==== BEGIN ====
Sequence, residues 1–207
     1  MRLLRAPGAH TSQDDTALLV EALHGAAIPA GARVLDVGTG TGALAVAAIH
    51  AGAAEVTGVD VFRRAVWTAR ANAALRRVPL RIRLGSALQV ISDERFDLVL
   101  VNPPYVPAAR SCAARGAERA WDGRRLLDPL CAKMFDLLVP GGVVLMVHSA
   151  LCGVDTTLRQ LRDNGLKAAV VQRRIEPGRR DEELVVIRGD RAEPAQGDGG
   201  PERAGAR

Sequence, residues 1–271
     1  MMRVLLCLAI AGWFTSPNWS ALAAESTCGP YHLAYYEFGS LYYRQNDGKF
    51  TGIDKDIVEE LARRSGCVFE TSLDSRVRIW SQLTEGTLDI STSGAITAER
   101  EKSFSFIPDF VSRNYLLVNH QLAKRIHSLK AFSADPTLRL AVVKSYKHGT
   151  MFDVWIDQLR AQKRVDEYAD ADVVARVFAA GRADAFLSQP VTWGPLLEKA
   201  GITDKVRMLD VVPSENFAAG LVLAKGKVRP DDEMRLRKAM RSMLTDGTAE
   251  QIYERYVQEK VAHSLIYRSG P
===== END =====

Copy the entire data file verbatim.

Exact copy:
Sequence, residues 1–207
     1  MRLLRAPGAH TSQDDTALLV EALHGAAIPA GARVLDVGTG TGALAVAAIH
    51  AGAAEVTGVD VFRRAVWTAR ANAALRRVPL RIRLGSALQV ISDERFDLVL
   101  VNPPYVPAAR SCAARGAERA WDGRRLLDPL CAKMFDLLVP GGVVLMVHSA
   151  LCGVDTTLRQ LRDNGLKAAV VQRRIEPGRR DEELVVIRGD RAEPAQGDGG
   201  PERAGAR

Sequence, residues 1–271
     1  MMRVLLCLAI AGWFTSPNWS ALAAESTCGP YHLAYYEFGS LYYRQNDGKF
    51  TGIDKDIVEE LARRSGCVFE TSLDSRVRIW SQLTEGTLDI STSGAITAER
   101  EKSFSFIPDF VSRNYLLVNH QLAKRIHSLK AFSADPTLRL AVVKSYKHGT
   151  MFDVWIDQLR AQKRVDEYAD ADVVARVFAA GRADAFLSQP VTWGPLLEKA
   201  GITDKVRMLD VVPSENFAAG LVLAKGKVRP DDEMRLRKAM RSMLTDGTAE
   251  QIYERYVQEK VAHSLIYRSG P